Today’s post is going to be a splurge for the food-curious out there.Â By “splurge,” I mean that the topic is a bit obscure and that you might not find this particular ingredient in your neighborhood store.Â I found it when I was happily haunting Feinkost BÃ¶hm – a.k.a. Food Paradise – this past week in Stuttgart, Germany.Â (The same store was home to Australian wattle seed and tropical tonka beans.Â I had never seen or heard of those before and had no idea what they would taste like, so of course I had to buy them.Â Stay tuned!)
For years, I had been seeing an odd sea vegetable featured in British and Irish cookbooks.Â It was called samphire and was touted as being briny and fresh, just like the sea.Â I’m not sure if it also grows along our New England coastline, but I most certainly couldn’t find it in Metro Detroit, nor had I seen it in on the West Coast or in tropical parts of the world or even in the Mediterranean regions of Europe.Â Being a sea vegetable, though, I knew it would be high in iodine, plus I figured it would also be salty.Â A perfect combination if you have a low-functioning thyroid (that’s where the iodine comes in handy) and you like salty foods!
Having unsuccessfully looked for samphire for years and not having found it, you can imagine how surprised I was to spot it in Germany.Â It was nestled between the rolled-up picked herrings (insanely delicious, I swear) and the Black Seaweed Salad with Sesame & Lotus Root (one of the tastiest things I’ve ever eaten) in the seafood section of Feinkost BÃ¶hm.Â I of course bought it immediately, left the store, found a handy step to sit on, and proceeded to have an impromptu seafood picnic in the middle of KÃ¶nigstraÃŸe, the main drag that arrows through the pedex shopping part of Stuttgart.Â I was too thrilled by my food finds to wonder if anyone thought I was odd.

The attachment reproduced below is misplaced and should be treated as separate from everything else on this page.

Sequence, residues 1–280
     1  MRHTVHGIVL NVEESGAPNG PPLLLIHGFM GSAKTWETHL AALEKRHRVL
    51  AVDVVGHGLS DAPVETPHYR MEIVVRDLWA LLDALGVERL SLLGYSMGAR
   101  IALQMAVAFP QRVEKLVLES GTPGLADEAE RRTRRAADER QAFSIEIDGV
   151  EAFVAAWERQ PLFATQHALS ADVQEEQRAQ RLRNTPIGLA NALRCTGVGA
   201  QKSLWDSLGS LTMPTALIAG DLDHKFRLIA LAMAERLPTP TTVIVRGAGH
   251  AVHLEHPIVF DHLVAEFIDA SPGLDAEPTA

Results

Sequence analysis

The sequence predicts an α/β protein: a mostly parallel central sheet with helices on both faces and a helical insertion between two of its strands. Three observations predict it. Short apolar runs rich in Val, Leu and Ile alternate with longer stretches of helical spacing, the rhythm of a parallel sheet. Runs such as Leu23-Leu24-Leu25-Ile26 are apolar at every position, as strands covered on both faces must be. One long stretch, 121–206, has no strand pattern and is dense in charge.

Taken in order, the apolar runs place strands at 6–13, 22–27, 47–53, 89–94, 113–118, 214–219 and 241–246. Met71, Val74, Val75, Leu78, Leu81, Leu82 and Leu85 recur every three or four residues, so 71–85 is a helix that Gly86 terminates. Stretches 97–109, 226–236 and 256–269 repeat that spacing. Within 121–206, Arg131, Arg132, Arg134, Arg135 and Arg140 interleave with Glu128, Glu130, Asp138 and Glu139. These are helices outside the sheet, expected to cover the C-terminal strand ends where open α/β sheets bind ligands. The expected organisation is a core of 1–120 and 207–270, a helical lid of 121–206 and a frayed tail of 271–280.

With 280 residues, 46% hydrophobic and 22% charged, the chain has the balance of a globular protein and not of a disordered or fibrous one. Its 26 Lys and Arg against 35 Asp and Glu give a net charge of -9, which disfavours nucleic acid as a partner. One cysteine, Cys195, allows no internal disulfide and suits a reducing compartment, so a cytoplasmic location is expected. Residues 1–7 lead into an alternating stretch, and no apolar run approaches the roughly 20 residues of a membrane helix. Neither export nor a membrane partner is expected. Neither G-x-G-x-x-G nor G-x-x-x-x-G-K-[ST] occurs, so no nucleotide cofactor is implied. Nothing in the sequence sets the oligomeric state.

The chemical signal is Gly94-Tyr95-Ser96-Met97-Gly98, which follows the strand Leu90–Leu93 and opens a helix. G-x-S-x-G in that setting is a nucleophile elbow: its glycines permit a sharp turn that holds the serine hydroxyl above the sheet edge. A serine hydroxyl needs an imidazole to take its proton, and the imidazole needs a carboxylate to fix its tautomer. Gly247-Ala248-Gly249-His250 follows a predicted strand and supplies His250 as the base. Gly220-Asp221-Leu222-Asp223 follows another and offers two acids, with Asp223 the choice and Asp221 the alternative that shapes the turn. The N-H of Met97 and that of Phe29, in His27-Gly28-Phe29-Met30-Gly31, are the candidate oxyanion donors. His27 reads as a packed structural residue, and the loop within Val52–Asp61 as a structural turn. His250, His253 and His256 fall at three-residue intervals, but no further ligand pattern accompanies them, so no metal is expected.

The verdict?Â Samphire is lovely.Â It’s crunchy and juicy and briny, and you can eat it raw out of hand, you can add it to salads and sandwiches – it works especially well in sandwiches since it adds a salty kick along with crunch – or you can serve it with fish or other seafood as a garnish.Â If you like, you can simmer samphire for 3 minutes to soften the briny taste a little, but you’ll lose some of the pleasing crunchy texture that way.Â It keeps for at least a week in the fridge.Â I thought I didn’t have a refrigerator in the hotel (turned out there was a mini-bar tucked away under the desk that I didn’t notice until my last night), so I left the samphire out at room temp overnight, and it was still fine several days later.
If you ever stumble across samphire, give it a try.Â And even if you don’t, at least now you know what it is.Â You never know when food trivia will come in handy at a dinner party or a game show!
Courtesy of Cultured Cook.
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Â© Copyright 2011 Â Allison Stuart Kaplan Â www.Askinyourface.com LLC